They all went to Camp Kenmore, and my DH likes to say. [​IMG]
     
  7. AtRendeAcres

    AtRendeAcres Chillin' With My Peeps

    May 23, 2007
    Clarion County
    I have made dinner out of quite a few roos (calm breeds) because they went after kids!!!

    any breed can have one/two with a personality defect!

    Roos are trying to protect their girls & Kids move fast, hug hard & run around trying to catch them (what is a guy to do)

    Brahmas are very kid friendly [​IMG] they have taken a lot!

    [​IMG] Brahmas are very laid back, quite, docile & very easy to handle!


    Joanne
     
  8. Mrs MIA

    Mrs MIA Chick Magnet

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    Mar 3, 2008
    Hate to say it, but my light brahmas are my worst offenders... [​IMG]
     
  9. wendy

    wendy On the Hill

    Jun 14, 2007
    central louisiana
    Well thanks for all the info on the SGD, I am not going to mention the rooster. DH can get it if he wants I guess. When he puts his mind to something there is not much changing it [​IMG]

    Maybe I can make a deal with him and say that he can have his SGD if I get what animal I want [​IMG]

    Wendy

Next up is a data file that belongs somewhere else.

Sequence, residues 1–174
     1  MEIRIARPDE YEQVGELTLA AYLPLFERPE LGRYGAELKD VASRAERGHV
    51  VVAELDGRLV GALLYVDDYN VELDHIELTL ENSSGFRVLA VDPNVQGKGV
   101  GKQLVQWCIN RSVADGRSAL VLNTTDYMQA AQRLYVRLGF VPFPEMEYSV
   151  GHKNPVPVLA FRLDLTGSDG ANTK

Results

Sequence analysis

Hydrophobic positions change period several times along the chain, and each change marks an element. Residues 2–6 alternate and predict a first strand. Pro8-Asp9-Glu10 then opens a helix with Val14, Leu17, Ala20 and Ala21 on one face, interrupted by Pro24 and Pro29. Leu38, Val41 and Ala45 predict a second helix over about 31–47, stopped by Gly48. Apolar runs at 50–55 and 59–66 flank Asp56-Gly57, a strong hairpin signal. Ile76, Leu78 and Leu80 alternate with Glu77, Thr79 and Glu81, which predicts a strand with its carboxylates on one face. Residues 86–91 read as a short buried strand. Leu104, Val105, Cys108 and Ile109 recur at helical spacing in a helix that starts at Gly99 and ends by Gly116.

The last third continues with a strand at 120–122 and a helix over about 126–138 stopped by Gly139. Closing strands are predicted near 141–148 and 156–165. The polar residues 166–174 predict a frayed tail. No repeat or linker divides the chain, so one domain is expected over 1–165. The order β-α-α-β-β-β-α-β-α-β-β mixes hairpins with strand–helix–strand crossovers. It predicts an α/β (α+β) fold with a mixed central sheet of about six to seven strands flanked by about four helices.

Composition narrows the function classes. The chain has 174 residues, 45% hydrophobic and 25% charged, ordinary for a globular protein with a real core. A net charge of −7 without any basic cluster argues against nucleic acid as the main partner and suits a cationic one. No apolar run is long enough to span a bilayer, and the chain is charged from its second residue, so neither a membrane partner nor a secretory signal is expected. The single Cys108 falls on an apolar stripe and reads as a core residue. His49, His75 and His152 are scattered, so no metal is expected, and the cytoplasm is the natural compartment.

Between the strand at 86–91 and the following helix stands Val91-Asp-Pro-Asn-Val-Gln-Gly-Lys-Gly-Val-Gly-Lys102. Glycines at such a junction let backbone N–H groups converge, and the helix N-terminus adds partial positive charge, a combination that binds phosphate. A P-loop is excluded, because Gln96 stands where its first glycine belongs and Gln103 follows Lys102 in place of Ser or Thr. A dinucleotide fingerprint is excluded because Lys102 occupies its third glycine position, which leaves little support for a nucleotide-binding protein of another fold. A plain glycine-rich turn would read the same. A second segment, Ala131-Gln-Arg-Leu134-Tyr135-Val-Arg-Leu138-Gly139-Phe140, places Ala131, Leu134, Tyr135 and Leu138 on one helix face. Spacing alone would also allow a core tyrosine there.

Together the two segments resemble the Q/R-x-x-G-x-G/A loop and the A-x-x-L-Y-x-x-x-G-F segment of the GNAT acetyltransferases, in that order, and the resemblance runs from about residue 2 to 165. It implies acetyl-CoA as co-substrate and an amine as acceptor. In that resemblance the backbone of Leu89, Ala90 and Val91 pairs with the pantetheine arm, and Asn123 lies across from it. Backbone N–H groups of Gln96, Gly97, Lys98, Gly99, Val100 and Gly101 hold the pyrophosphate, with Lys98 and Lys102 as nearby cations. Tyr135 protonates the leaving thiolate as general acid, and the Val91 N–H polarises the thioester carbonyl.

10. dancingbear

    dancingbear Chillin' With My Peeps

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    Aug 2, 2008
    South Central KY
    Not all roos will become aggressive with humans, but it's not a good idea to have small children around a roo unless you're right there, and not busy with anything, so you can stop it if anything happens. A small child could easily be seen as a rival roo, being much closer to "chicken size" than an adult human.

    An aggressive roo isn't, in his mind, doing anything wrong. He's following pure instinct, and doing what a roo does, protecting his turf and his flock. There's no thought process behind instinct, it's pure reaction. It's sometimes hard to tell exactly what triggers a behavior, such as an attack. It could be a look, an action, a gesture, a sound, entirely unintentional, but the roo doesn't know that.

    Once a roo fixates on people, adult or child, as a threat to the flock, it may or may not be possible to break him of it. Personally, if a roos becomes human aggressive, I just eat him. There are lots of nice gentle roos around, it's not worth the trouble to "train" one. Certainly not worth risking injury to one of your children, or yourself. I eat my excess roos anyway, so it's not like I'm eating a pet. My chickens aren't pets, except for a select few.

    In over 15 years of keeping chickens, I've only had one human aggressive roo. I've had some that were mean to the hens, we ate them, too. Most have been sweet. I did recently have one who had displaced my older roo as the boss of the flock, and when my DH or I was carrying the old roo to put him in a separate area, (protective custody) that roo came after us. But he wasn't after us, he was after the other roo. We sold him to a neighbor. He's a perfectly nice roo, but that was a potentially dangerous situation.

    Good luck, I hope your next roo proves himself to be nicer to have around.